I remember a quarrel with one of my wealthier parishioners at First Congregational Church, in Riverhead, N.Y. She wanted to put a carillon (an arrangement of chromatically tuned bells) in the steeple. I, on the other hand, wanted her to fund the homeless shelter in the building that housed 150 plus people a night. She refused, and eventually, the carillon went in, at a cost of $10,000.
Notre Dame de Namur Sr. Dorothy Stang’s persistent activism on behalf of Brazil’s poor and the earth is well known to environmental and social justice activists throughout the world. Thursday marks the 10-year anniversary of her death at the hands of hired guns.
As hearts aflutter with romance ahead of Valentine’s Day, climate advocates have breaking up on the mind.
With fossil fuels, that is.
Monday afternoon at the 2015 Catholic Social Ministry Gathering here, Franciscan sister and theologian Ilia Delio, Dan Misleh of the Catholic Climate Change Covenant and Eric Garundo of Catholic Relief Services presented a workshop on Pope Francis' vision for environmental activism.
The workshop anticipates that Francis will promulgate an encyclical on the environment and development late this sprint or early this summer.
The founding director of the Catholic Climate Covenant told a Washington audience Feb. 9 that he hopes people can find unity around the need to stop and reverse climate change "because we are in deep trouble."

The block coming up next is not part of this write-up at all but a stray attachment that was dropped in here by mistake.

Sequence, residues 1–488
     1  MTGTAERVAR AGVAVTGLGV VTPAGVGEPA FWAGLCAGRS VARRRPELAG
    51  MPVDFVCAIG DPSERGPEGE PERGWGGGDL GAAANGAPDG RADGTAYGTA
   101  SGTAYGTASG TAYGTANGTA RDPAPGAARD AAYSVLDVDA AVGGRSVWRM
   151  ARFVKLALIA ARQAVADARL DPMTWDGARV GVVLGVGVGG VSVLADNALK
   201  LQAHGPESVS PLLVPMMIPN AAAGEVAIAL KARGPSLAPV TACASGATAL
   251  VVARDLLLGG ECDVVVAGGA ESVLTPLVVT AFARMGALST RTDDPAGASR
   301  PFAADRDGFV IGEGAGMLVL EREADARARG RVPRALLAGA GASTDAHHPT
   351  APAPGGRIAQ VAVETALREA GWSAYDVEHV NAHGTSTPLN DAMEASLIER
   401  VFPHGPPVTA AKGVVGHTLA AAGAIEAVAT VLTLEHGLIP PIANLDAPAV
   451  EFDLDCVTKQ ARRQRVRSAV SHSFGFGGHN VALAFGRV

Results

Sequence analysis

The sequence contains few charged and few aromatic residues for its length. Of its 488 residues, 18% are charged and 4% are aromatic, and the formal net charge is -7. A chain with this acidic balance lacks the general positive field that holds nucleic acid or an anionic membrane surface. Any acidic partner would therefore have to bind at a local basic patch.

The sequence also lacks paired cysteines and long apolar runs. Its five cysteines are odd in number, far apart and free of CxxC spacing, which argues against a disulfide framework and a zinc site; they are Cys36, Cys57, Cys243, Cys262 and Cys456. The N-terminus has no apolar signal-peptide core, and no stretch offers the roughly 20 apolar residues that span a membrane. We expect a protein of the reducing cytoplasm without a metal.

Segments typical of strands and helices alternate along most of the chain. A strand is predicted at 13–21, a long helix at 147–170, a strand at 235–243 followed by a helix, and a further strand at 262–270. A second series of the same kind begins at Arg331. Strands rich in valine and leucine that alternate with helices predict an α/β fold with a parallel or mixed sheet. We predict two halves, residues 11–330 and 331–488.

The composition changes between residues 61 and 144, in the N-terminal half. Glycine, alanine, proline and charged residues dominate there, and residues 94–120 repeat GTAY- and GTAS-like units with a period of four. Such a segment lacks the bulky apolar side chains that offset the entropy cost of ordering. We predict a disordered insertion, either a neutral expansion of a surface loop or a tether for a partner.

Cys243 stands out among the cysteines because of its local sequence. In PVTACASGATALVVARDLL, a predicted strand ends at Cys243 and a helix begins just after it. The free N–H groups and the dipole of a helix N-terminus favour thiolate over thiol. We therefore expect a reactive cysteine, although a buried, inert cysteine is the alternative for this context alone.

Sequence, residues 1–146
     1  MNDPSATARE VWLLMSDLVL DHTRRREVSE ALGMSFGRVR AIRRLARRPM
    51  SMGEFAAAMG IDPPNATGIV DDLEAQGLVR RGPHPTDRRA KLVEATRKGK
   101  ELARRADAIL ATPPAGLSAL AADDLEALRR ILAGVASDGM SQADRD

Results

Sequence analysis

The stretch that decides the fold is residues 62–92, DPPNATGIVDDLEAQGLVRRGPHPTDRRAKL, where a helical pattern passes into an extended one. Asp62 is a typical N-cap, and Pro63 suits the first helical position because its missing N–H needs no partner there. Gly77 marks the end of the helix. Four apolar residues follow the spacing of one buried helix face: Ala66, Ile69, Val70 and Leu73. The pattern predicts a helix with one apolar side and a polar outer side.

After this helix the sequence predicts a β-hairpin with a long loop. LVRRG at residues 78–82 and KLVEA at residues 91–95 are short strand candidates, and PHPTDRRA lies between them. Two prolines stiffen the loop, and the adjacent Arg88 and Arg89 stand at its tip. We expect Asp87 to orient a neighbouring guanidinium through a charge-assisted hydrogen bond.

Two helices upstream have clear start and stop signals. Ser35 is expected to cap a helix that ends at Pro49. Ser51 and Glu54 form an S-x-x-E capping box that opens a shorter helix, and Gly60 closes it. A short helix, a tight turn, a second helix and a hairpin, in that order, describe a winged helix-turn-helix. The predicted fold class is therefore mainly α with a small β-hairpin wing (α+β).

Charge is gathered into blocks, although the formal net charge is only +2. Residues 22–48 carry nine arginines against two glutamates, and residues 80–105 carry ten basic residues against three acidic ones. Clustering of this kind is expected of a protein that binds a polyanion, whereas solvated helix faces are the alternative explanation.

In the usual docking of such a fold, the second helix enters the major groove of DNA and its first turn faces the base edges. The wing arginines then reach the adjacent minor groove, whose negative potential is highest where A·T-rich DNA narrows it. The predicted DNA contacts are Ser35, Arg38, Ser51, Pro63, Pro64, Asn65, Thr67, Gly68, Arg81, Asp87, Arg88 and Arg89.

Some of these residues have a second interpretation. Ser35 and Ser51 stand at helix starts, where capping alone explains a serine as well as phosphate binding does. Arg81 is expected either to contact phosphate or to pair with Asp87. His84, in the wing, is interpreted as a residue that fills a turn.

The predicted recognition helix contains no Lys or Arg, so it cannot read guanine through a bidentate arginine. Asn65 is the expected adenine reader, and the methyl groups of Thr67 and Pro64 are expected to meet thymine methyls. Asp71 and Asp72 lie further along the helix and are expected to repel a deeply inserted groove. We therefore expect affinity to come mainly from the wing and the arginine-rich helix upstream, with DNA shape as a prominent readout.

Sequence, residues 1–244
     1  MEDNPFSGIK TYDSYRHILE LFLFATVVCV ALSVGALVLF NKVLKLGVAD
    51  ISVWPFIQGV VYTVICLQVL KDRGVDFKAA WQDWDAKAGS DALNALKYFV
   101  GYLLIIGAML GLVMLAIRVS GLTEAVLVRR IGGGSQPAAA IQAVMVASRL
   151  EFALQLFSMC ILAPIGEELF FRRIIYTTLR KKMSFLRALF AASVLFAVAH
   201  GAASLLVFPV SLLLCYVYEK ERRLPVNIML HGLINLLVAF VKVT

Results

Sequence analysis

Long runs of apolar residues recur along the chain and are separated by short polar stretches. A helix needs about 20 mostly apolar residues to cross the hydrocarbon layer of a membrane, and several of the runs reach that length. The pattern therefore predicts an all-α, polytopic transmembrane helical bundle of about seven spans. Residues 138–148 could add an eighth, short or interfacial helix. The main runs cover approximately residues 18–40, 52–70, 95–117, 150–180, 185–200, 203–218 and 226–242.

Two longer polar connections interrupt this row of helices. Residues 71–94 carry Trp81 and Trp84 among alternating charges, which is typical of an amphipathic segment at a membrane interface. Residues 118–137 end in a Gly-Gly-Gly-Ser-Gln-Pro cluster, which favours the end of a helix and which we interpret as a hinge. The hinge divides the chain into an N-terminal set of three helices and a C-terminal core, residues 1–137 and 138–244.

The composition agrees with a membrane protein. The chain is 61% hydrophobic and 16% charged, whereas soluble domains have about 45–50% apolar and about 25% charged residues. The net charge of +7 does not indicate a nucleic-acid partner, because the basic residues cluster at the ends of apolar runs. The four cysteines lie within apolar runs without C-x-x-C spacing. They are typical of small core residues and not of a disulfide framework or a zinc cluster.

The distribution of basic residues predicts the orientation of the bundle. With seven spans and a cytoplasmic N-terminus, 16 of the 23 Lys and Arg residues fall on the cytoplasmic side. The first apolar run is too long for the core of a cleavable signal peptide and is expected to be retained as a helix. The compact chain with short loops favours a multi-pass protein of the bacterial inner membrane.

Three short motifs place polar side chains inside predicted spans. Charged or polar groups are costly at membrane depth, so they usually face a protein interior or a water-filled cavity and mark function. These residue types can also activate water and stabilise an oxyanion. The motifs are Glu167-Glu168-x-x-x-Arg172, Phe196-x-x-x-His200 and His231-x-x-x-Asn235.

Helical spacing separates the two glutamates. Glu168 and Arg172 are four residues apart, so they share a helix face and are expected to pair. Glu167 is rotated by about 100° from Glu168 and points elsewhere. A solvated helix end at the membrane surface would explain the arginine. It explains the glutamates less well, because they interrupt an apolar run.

Eco Catholic: "She befriended and defended the farmers, the forest and all its wildlife because ... they [are] an expression and reflection of the Holy One."
Acts of conservation of the earth are not “going green” but being Christian, Pope Francis said Monday during his morning Mass.
Vatican Radio reported that the remarks came as Francis reflected on the creation of the universe passage in the Book of Genesis, what he referred to as the “first creation.”
Farmers must find a delicate balance between reaping the precious gifts of the earth and protecting them for future generations, especially given the threat of climate change, Pope Francis said.
At Alternet, Cliff Weathers asks: "Is Fracking Really Dying?"
"North Dakota’s numerous gas flares, even visible from the International Space Station, are flickering out as tens of thousands of energy workers are being given their pink slips," Weathers writes. "Small North Dakota towns recently bustling with workers and other fortune seekers are returning to the rural tranquility they once knew."
The Senate’s affirmative vote on the Keystone XL transnational pipeline Thursday came to the disappointment of numerous faith groups, who view the project as harmful to the environment and human health, both now and in the future.